WATCH: What is it like to drive a hi-tech £400,000 combine harvester?
PUBLISHED: 06:15 02 August 2019 | UPDATED: 06:15 02 August 2019
These monster machines are a common sight across Norfolk fields in the summer time – but what is it like behind the wheel of the latest satellite-guided high-tech combine harvester? CHRIS HILL reports.
Guided by lasers and satellites, a state-of-the-art combine harvester prototype is devouring Norfolk crops after a farm's £400,000 efficiency investment to replace two older machines.
The powerful Lexion machine is a "pre-series" 8700 model put to work by agricultural contractors LF Papworth, which is helping manufacturer Claas iron out any problems or make improvements before it goes into full production.
Its 15.6-litre engine, 12m header and ravenous appetite for wheat, barley and oilseed rape means farmer Kit Papworth is confident it can do the work of his two previous 10m combines - streamlining his harvest operation at a critical time for the industry as Brexit approaches.
He expects it to gather 2,000 acres of cereal crops this year - with the capacity to extend that to 2,500 acres in future - helped by the latest top-end technology.
The on-board automation system means the machine can virtually drive itself, using either top-mounted lasers to keep it within existing tramlines, or GPS signals to follow a pre-set path through the field.
In the climate-controlled cab, insulated from the violent cutting and threshing processes, touch-screen technology is used to optimise the performance of the machine and to analyse the yield, with cameras taking pictures every second inside the tank to identify substandard grain or foreign contaminants.
All the telematics data is beamed back for analysis at the farm office.
Mr Papworth said: "We have taken a huge step with the application of technology now and this combine in particular can utilise GPS and laser guidance, and it is also able to monitor itself and tell what it can speed up to give us better capacity, and that is certainly the big leap we have taken this season.
"It is taking photographs all the time of the crop we have harvested and noticing what we can do to improve the sample. We have certainly seen that in the shed - the grain that is coming back is of better quality, and we have got less contaminants like straw and weed seeds, as it is changing itself all the time to improve the quality of what we are doing and how much we can cut in a day.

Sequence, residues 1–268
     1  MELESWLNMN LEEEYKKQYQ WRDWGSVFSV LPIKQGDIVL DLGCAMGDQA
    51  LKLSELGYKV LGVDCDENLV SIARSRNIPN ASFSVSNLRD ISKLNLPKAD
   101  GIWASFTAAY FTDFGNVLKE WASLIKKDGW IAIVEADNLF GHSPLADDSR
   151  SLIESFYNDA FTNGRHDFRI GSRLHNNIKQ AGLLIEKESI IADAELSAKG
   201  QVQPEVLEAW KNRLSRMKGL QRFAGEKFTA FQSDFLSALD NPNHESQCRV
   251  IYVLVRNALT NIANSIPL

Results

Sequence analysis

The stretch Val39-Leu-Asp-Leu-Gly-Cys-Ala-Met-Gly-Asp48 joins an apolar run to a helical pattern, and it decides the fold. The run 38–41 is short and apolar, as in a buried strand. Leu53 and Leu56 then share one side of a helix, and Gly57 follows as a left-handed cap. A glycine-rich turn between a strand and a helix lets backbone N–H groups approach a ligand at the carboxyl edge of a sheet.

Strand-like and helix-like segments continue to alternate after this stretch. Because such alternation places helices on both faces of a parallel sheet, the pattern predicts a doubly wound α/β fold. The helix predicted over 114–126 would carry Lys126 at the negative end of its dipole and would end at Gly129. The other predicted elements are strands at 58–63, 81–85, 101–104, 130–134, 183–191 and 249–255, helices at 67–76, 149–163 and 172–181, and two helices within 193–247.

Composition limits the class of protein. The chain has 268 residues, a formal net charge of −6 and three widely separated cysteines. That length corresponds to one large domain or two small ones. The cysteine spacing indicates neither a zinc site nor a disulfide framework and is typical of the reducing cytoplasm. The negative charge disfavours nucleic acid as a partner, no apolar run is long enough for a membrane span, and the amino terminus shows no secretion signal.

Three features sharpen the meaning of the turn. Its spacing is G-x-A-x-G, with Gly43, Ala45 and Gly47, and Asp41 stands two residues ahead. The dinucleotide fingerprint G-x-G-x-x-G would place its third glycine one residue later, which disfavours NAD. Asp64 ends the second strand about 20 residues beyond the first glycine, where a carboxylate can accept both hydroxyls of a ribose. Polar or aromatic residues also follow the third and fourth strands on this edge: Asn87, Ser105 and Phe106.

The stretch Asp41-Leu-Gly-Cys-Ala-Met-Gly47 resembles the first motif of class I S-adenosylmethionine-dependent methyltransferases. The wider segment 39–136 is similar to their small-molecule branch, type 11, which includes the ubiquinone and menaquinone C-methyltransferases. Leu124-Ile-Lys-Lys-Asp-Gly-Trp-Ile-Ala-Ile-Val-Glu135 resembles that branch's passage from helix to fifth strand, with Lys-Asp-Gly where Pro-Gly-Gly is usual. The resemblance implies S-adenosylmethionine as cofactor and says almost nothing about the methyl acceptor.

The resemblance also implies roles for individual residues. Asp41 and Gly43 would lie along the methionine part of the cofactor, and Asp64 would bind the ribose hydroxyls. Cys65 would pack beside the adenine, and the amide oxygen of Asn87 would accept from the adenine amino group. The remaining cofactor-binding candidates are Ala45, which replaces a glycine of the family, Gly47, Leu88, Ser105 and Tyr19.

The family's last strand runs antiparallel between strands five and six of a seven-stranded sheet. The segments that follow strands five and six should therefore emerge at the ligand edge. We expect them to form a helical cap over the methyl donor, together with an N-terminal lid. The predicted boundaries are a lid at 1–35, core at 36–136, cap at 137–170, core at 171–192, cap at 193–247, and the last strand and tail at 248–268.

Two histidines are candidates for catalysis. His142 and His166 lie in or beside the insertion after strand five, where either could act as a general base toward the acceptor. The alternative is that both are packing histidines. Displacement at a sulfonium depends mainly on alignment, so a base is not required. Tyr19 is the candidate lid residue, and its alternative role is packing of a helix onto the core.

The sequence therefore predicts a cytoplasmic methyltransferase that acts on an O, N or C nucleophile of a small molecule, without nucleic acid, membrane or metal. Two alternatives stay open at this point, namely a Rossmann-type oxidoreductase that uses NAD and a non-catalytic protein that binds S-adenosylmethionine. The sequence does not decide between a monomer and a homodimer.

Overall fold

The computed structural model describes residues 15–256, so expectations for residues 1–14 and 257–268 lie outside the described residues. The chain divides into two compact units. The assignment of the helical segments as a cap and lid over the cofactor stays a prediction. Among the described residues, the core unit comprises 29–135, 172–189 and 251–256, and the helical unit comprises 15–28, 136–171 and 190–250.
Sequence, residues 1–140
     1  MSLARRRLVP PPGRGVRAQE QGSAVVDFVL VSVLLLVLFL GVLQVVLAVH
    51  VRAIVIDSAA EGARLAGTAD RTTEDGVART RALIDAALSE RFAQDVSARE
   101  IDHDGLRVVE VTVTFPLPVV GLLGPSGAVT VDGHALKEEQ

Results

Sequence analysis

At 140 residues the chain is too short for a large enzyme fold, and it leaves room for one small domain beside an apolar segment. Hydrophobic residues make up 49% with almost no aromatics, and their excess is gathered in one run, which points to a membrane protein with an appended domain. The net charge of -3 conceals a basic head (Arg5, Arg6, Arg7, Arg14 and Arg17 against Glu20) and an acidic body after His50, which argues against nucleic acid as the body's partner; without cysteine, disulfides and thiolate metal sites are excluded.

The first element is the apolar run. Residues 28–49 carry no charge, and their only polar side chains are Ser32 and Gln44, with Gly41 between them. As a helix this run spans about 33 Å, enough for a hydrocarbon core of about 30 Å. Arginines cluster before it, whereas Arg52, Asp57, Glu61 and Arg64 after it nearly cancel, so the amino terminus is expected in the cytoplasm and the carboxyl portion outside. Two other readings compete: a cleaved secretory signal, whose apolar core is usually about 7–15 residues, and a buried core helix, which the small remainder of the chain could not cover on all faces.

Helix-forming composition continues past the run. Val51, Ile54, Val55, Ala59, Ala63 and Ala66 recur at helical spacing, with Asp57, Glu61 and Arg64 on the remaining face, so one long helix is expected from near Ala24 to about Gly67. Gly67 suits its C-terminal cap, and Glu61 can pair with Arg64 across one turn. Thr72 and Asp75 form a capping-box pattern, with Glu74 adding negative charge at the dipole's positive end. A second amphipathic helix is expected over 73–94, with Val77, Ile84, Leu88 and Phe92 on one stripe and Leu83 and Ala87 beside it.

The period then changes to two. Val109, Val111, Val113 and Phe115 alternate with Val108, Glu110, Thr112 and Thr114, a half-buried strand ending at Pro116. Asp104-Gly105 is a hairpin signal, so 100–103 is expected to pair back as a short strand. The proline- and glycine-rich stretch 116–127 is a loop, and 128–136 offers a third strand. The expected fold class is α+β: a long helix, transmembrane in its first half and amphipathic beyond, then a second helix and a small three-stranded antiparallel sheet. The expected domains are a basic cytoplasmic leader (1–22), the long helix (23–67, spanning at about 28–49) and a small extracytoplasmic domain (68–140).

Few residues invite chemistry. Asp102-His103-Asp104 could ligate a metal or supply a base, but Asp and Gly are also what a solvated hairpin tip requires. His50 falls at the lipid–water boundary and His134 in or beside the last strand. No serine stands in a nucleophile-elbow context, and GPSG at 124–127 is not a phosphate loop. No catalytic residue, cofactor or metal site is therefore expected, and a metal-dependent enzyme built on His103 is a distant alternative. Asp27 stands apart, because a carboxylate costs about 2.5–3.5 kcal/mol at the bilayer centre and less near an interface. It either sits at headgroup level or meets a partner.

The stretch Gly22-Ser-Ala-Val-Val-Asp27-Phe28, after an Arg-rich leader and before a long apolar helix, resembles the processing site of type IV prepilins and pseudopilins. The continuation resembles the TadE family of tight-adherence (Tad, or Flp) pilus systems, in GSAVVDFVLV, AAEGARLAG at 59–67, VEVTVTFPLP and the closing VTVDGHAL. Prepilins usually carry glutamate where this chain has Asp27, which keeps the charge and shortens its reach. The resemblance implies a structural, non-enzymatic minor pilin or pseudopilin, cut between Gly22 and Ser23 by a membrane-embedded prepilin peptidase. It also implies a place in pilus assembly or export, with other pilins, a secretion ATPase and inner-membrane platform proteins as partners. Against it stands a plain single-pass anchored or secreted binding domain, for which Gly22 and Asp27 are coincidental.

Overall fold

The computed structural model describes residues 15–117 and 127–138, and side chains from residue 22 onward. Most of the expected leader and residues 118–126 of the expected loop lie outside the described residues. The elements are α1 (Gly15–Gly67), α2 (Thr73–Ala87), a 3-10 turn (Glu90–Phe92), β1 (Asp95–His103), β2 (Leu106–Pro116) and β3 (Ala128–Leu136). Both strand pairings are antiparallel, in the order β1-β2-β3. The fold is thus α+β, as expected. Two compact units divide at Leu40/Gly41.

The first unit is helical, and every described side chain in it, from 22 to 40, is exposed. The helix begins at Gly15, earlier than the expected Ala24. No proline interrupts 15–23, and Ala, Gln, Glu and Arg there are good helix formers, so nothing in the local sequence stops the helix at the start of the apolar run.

"We previously had two 10m machines, so in theory one 12m machine couldn't possibly do the job - but actually with the increased technology and the bigger capacity of this one we have been able to do all that.
"I actually had no doubt that the combine could do it, it was a question of whether we could logistically do it. So we are still using the same number of staff and the same number of trailers to support that machine and keep it going, and letting the technology take hold and grow with it."
The machine is currently labelled as a Lexion 770, but will be re-badged as an 8700 at the end of its first trial season.
Mr Papworth said there was "not much change out of £400,000" after securing the pre-series model from Claas - and such a large investment needed very careful consideration amid all the economic and political uncertainties of Brexit.
"We had some fairly big discussion internally back in January about how we were going to do it," he said. "But contract farming commodity crops is all about finding niches where we can get a premium for stuff and it is absolutely certain we are going to be growing wheat and oilseed rape going forward on the sort of areas we are talking about, so all I can do as a contract farmer is to do that as efficiently as I can, and this is the way to do it efficiently."
Mr Papworth said his business is halfway through its oilseed rape harvest, with "pretty good" yields ranging from 3.5 to 4.5t/ha (tonnes per hectare). Winter barley is all cut and back in the shed at 8-9t/ha after the dry period around Easter knocked back the yield potential on the farm's light land. Wheat is probably a week away and the spring barleys are almost ready.
"Harvest is the most exciting part of the year," he added. "You are working long hours with a team and it is the culmination of a whole year's work and investment. To sit on the machine and watch it come in and see how it yields is the emotional part for a farmer. Despite all the threats and pressures, honestly, farming is the best job in the world."
Farm technician and combine driver Patrick Gwilliam, 64, said the new machine is a world away from the basic and bone-shaking harvesters at work when he joined the farm in 1970.
"I think there was more skill in setting the combines up back then," he said. "Now everything is touch screen, and you push buttons and it is all done for you.
"The working conditions are much better now. The cab is very comfortable and you've got the climate control.
"The automatics is new to me on this one. The combine more or less sets itself. As it finds a crop in a harder piece of ground, it will open things up and drive it for you really. It is a good bit of kit."
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